Loan modification, foreclosure defense, short sales and other strategies for the burdened homeowner

Emergency short sale guide

Hello, welcome to day 7 of the free trial version of Short Sale Your Home and Get Paid to do it home study course. Today we’re going to be talking about the 30 Days To Sheriff Sale Emergency Quick Start Plan. If you have 30 days or less before your house is scheduled to be auctioned off and this constitutes an emergency. You have to do something quick to start a short sale and if necessary you need to also consider and start researching immediately ways to delay the sheriff sale further, so you can actually do a short sale.

The first thing that you do in an emergency situation is call your lender. When you reach someone if possible ask to be talk to or be transferred to the loss mitigation department or the department that handles short sales.

Once you have found the best person that seems to know they are talking about, you want to let them know that you’ll have an offer very soon. Ask “What are the requirements to submit an offer in order to get a short sale acceptance.” Create a check list based on what they say.

Your lender is going to tell you a few things that you may need to submit a short sale offer. But for sure you’ll need the following things. You’re going to need a purchase agreement. In a minute we will talk about how to find a buyer in a jiffy. You’ll also need a HUD 1 which is a settlement statement that’s required to be used by all title companies and closing attorneys when they close the sale of a home. It shows all the details of a real estate sales transaction.
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The first thing you need to do after you have found out the banks requirements is to find a title company. You might say something like, “Hi, I’m looking for a title company to help me in the sale of my home doing a short sale and I have a few questions for you. Can you do a title peak?” A title peak is a quick view of the title to see if, at first glance, there appears to be any liens on my property. You’d be surprised of what can pop up and attach to your property. You want to know about these things as quickly as possible. They can typically do a 5 minute search for free and tell you exactly what’s happening on your property. You also want to ask them, “hey I have an offer [or I’m getting ready to have an offer] and I need the bank to evaluate it, but before I do that, I need a preliminary HUD 1 net sheet. Can you help me prepare one if I give you the offer? If they say yes, great you have a title company.

How do you find the buyer? I told you I’d help you find one in a jiffy. There are thousands of ready, willing, and able buyers. The only reason they need in order to make an offer on your home is if they have the opportunity to get a good deal. They don’t need you to spend beautify it or spend thousands of dollars doing all sorts of repairs, like most Realtors are going to ask you to do in order to make it retail ready. All they want to know is “May I have an opportunity to get a good deal on your property.”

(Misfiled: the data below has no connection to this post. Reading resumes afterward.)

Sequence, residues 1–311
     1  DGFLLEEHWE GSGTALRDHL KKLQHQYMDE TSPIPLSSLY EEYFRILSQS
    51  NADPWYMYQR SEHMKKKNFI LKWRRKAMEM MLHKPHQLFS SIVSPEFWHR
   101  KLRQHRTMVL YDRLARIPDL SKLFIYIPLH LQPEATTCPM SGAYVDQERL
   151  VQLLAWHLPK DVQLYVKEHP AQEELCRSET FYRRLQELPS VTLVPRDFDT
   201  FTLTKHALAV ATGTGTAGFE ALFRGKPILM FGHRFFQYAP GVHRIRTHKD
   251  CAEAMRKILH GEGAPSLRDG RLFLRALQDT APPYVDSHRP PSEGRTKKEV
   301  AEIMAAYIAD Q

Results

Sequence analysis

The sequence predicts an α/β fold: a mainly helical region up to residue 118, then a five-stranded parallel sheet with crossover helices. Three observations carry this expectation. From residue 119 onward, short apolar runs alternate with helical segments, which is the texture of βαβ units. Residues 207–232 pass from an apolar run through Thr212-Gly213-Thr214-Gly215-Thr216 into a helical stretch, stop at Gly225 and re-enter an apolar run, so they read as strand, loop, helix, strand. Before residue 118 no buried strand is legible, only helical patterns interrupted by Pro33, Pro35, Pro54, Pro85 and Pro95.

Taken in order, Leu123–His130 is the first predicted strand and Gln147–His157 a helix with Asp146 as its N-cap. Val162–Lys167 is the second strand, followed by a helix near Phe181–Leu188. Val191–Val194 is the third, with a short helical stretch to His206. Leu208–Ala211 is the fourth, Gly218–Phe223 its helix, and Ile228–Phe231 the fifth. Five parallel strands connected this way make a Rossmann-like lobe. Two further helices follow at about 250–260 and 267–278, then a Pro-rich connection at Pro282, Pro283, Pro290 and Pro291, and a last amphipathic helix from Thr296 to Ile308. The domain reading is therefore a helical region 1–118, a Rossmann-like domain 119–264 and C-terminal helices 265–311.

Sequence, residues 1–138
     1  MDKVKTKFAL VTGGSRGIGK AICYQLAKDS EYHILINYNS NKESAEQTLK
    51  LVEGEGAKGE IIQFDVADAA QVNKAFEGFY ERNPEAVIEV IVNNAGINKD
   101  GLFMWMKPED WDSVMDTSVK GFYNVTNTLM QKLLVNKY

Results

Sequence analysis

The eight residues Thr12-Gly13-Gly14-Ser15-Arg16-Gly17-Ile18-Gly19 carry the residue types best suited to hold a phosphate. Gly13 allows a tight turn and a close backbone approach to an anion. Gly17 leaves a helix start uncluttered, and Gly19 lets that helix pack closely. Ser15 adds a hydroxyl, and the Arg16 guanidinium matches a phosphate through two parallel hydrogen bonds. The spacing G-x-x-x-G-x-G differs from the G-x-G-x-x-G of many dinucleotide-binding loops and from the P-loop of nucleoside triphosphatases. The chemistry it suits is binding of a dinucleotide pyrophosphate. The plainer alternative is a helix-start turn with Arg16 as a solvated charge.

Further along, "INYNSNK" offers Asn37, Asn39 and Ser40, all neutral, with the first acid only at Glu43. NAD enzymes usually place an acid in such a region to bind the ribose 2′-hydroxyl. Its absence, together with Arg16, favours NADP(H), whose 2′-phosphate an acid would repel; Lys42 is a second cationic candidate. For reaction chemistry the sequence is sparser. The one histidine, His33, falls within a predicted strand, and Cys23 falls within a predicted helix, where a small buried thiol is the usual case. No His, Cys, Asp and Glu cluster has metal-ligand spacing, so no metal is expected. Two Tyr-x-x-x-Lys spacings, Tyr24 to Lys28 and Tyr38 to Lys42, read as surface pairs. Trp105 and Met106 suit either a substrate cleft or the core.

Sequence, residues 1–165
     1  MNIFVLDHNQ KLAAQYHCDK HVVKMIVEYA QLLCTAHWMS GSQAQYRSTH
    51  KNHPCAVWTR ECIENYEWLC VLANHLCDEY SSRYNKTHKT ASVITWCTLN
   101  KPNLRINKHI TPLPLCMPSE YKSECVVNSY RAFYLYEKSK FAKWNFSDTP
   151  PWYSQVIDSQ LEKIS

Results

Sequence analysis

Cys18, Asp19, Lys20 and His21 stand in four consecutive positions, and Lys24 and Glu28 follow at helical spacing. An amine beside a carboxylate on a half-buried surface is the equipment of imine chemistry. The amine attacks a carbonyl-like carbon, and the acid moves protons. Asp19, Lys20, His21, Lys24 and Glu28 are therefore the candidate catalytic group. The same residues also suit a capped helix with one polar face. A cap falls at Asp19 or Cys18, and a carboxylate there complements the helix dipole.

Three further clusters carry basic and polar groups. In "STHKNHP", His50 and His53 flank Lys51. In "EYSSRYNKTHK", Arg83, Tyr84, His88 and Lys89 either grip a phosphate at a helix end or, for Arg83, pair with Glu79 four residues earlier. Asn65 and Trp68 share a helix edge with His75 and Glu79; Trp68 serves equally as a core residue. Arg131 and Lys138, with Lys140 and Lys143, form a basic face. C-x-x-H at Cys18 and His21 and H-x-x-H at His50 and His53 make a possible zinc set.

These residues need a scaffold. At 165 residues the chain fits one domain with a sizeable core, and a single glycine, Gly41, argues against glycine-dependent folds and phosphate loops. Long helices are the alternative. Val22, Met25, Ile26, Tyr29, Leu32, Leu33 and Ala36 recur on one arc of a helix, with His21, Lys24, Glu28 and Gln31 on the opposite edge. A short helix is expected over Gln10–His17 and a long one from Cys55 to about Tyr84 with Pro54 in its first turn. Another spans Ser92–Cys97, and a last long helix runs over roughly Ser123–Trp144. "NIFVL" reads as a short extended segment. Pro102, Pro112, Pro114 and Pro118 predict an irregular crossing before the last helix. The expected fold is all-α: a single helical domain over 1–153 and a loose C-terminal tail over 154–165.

It benefits you to work with these people because they’re offering you the opportunity to be able to get out of your house with the least damage to your credit and also they’re your one opportunity to use a sale to help delay the foreclosure on your property.

During the period that you are negotiating the short sale you’ll have time to possibly find a better offer as well. Essentially an investor buyer will help you do what you need to do in order to arrange your finances properly. So how do you find this crappy low buyer that’s going to low ball your house? One of the best ways is on the internet. Do a Google search for “I buy houses”, “we buy houses” or “home investors”, you can also search for specific cities like if you live in San Diego, Can you can say “San Diego we buy houses.” You want to look for someone who’s willing to make a cash offer on your property. You don’t necessarily need someone who is a foreclosure investor, especially if you’re planning on handling the negotiation of the short sale on your own home. All you need is someone that has cash and is willing to make a quick offer even if its probably going to low.

The other thing you can do is visit Pick your city go to the services section and go to real estate. You’ll find a lot of Realtors and people offering various real estate services. Some of these may be great services, but there are specifically looking for adds that say, “we buy houses” and or “cash offers for homes.” Go after those people and see what they can offer. Along the same line you can go to your local newspaper and check out the real estate wanted section. Typically there’s a bunch of “we buy houses” ads and stop foreclosure ads and real estate wanted ads, so you can call some of those people and see how they work and see if they can put an offer on your property. Also you can check out the for sale section and look for numbers that re-appear over and over again. Especially rent to own ads. If it is not a Realtor then it’s probably an investor. Talk to to these people and see if they’re interested in your property. Keep your eyes open. In the next week you’re going to see “we buy houses” on bus stops, TV ads saying “we buy ads” and “I buy houses” billboards.